My aunt's alarm clock goes off at 4 and for half an hour we try to get out of sleeping mode, then get up and go to the airport. My Mom takes us, we normally pay in some or other way, and this time we used garden pots as the bribe.
Imagine: an aeroplane that is on time. We fly cheaply on One Time a South African airline. They do not serve any refreshments on the flights, so we bought out own and shared it between us. The flight feels very short, I suppose because we have to make a lot of decisions on the way. We have made no bookings except for the flight. We bought a Rough Guide, but with work and what not, had no time to read it, or planned the journey, so we used the fly time to the fullest. At
the airport we have to pay R500 for our visas - a lot of money. We did not book in our luggage so we did not have to wait at all, we just grabbed
our rucksacks and off we go...we really travel as light as possible.
Everybody is interested to take us somewhere for an extraordinary price in their air conditioned taxis - we head for the daladala (that is what they call lower class taxis used by the local people) stand. He sees us as his normal prey and wants 10$ dollars each. (All payment is made in American dollars). By now we know never to fall for the first price. In the end we paid 7$ for both! (According to the other passengers it is the "real" price). People get on, get off, and the
ride takes time, but we enjoy it so much more than organised tours where we are treated like sheep. The last stop is at the market
- and only a few touts are interested in backpackers climbing out of a daladala! We have to decide in which direction we want to go. We ask for some info at the nearest tourist shop and one of their workers takes us to the Pyramid hotel (I am sure he gets his cut). Steep steps take us to room 33 on floor 3. Price:
30US bed and breakfast for both.
We repack just the necessary things into a smaller bag and go for a walk to investigate the surroundings. Stone town, narrow lanes, no town planning here, old rundown buildings, million, no a trillion cats, Jumbo here, Jumbo there (this is the way they greet you here), people on bicycles..vibrant, noisy, fantastic. If you hear the bell of a bicycle you have to move out of the way, if it is a motorbike, you have to react even quicker....here the biggest vehicle gets the most respect; people on foot have no right of way at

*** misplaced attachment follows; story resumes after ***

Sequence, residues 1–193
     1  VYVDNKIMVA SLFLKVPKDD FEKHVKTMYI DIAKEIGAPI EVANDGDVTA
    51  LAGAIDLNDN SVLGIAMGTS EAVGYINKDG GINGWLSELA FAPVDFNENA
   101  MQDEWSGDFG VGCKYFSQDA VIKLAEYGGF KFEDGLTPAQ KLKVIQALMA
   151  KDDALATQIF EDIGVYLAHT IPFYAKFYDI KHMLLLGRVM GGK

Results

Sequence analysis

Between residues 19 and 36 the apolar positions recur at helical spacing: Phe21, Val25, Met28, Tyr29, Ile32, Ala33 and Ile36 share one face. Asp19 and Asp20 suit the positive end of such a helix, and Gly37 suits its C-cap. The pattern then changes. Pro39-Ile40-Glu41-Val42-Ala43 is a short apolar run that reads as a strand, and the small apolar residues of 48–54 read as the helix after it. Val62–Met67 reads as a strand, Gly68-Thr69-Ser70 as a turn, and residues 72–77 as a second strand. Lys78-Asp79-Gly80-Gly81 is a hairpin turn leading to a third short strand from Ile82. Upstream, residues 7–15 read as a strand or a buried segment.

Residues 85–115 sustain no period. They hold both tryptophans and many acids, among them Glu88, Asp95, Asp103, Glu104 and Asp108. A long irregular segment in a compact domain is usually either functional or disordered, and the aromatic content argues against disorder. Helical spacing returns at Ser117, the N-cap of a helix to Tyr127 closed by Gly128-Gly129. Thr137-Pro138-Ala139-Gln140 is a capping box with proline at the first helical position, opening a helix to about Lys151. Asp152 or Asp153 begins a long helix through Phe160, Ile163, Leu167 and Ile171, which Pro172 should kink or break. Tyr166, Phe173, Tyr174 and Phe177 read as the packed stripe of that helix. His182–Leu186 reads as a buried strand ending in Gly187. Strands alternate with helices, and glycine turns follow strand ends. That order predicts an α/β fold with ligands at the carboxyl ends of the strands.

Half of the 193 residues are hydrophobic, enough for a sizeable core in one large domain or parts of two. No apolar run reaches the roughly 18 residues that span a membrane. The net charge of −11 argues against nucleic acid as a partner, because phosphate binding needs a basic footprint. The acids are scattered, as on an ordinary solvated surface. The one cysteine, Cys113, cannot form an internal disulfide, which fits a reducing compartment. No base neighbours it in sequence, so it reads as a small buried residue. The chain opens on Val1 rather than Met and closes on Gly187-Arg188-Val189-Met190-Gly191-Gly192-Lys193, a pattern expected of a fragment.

all. The alley way is so narrow the we (Kevin and I) can barely walk next to each other...it is therefore not easy to get
out of the way of a guy on a motor bike!. Motor cars can only use certain area in Stone Town - fortunately.
Stone Town (or Mji Mkongwe) is located on the western coast of Unguja, of the Zanzibar
Archipelago. It was the centre of the spice trade and slave trade in the 19th century.
The architecture some dating back to the 19th century, reflects influences of the Swahili, Arab, Persian, Indian and European elements. The town is a UNESCO World Heritage Site since 2000. The name "Stone Town" comes from use of coral stone as the main construction material; this stone gives the town a characteristic, reddish warm colour Traditional buildings have a baraza (long stone bench) along the outside walls. It is used as an elevated sidewalk during heavy rains, and in other time to sit on.
We are also looking for another place to stay and we found the Warere (friends of ours, Juan
and Anita stayed here before) and decide to move here. Around 3 o clock we are really tired and tried to find our way back to the pyramid....and got hopelessly lost. (I truly love the adventure of getting lost!) We found the place, took a wonderful
cold shower (did I mention that it is hot here?) and after half an hour we are on our way to see the sun go down over the sea. Now this is a place where words are just not enough - dhows and snow white beaches, late afternoon soccer on the
beach, a super sunset....
The place to be after sun set is the street market. Here you can buy supper and the choice is
absolutely unbelievable - beef kebabs, chicken kebabs, seafood.....We try Mack's pizzas (not like Italian style pizzas - this is made Zanzibar style), chips and sugarcane juice....the joy of eating and liking off your fingers - what
more do you need in life?
We book a spice tour the cost is 15 US pp.
A mosque near the Pyramid hotel is alive
between 4 and 5 in the morning and we listen to the prayers to Allah over a microphone, the fan dampens the noise, but you will be hearing it at any hotel in Stone Town, there are lots of mosques in the area. A little more about the rooms: The beds are incredibly high and it really takes ingenuity to get onto it. There are huge mirrors and the mosquito net is a challenge. Since it is really hot here (September therefore spring time) you do not need a lot of bedding. The pillows are round and hard and very high. The shower has only cold water (no problem since it is hot anyway). The bathroom is 1, 4 x 1, 4 everything included and the toilet and again everything is wet after a shower